16 January 2015

Creswell

There's a little valley to the east of Sheffield - not far from Worksop and it has tantalising stories to tell of our distant past. When England was connected to the rest of Europe - via the forests and plains of Doggerland that now lie beneath The North Sea - some of our prehistoric ancestors would often come to the little valley of which I speak. A pure stream ran through the ravine and in the limestone cliffs to each side of this stream there were several caves.

These caves provided sanctuary, safety from wild beasts and unwelcome human visitors and they were quite warm and gave shelter from the cold when the last Ice Age began to bite. Archaeologists believe that the caves were first occupied about 50,000 years ago and on and off were used by our ancestors for about 45,000 years. That's a hell of a long time. How did they get on without Jesus, Buddha or Muhammad to guide them through those endless millennia, those long and ink black nights?

It's not that our distant ancestors always lived in the caves as we live in our homes. Sometimes their sojourns were temporary as they followed the seasons and hunted for food. They must have been extremely interdependent - relying on each other for survival. There was of course nobody else that they could fall back upon for support - no emergency phone numbers, no police officers, no shops. It must have been really, really hard but so beautiful too. They would have known nothing of the world beyond their limited horizons.
I am talking about Creswell Crags. As my nasty friend Gordon Gout had mercifully disappeared for a while, I walked through the valley this afternoon. You couldn't get in the caves as they are only open at weekends in the wintertime. In these caves they have found all manner of remains from the past - flint tools, the jaw bone of a hyena, bones from lions, wild cows, the hippopotamus, the narrow nosed rhinoceros, the woolly mammoth and plenty of teeth. They have also found human bones and a woman's skull that is judged to be 12,000 years old. But more than that they have found cave drawings and images etched on ancient bones - a horse, a stag a human form. This cave art is the most northerly work ever found in Europe.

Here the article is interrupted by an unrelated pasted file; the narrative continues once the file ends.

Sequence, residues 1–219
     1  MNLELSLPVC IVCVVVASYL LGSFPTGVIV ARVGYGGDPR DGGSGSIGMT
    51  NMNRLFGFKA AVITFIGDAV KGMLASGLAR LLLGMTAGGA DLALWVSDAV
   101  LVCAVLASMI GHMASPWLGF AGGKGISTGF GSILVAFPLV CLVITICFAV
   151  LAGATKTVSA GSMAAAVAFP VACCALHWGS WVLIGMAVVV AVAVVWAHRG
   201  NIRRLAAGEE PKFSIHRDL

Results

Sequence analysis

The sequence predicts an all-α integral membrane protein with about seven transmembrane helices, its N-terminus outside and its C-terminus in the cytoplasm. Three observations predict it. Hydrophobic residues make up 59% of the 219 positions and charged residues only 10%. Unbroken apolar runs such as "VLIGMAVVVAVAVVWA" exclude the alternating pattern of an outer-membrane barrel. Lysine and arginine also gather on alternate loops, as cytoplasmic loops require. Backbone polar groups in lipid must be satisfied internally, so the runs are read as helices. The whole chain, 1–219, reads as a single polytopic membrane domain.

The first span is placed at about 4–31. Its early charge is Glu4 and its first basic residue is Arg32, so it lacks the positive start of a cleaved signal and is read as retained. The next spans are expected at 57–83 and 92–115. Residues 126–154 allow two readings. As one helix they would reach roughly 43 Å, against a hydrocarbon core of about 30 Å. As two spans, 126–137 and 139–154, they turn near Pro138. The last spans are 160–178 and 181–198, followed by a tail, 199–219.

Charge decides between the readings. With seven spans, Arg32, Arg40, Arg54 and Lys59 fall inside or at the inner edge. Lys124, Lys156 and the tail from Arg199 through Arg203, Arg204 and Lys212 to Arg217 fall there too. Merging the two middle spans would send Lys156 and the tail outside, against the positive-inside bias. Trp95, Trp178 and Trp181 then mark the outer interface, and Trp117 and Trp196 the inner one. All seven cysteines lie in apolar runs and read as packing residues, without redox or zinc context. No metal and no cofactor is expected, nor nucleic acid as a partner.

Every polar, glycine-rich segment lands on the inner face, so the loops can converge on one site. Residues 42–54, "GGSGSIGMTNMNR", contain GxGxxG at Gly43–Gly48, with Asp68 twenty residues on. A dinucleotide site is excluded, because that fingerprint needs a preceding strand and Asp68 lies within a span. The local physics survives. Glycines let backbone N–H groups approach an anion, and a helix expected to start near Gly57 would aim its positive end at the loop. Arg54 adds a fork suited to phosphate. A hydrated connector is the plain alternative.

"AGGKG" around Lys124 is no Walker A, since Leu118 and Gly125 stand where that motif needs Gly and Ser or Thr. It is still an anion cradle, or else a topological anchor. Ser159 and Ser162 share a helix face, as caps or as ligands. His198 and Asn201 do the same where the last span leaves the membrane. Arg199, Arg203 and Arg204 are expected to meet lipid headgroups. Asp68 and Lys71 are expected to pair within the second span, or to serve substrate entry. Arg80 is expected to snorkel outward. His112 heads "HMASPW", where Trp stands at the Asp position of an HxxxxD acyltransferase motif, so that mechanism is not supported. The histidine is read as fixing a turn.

Being there - it makes you think and puts so many other things into perspective. How I would have loved to run with them for just one day, to see the world from their point of view. But what could I have told them? Most likely nothing but at least I could have scratched an image of Ed Miliband in the cave wall.

22 comments:

  1. Now tat red box on the gate wouldn't be an artefact from yesteryear. Is it a donation box or a syringe disposal bin (dare I ask)?

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    1. I think it is a fire extinguisher or maybe an Australian Dame alarm!

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  2. And unwelcome visitors still come. Perhaps they should be the ones put in the caves....just a thought!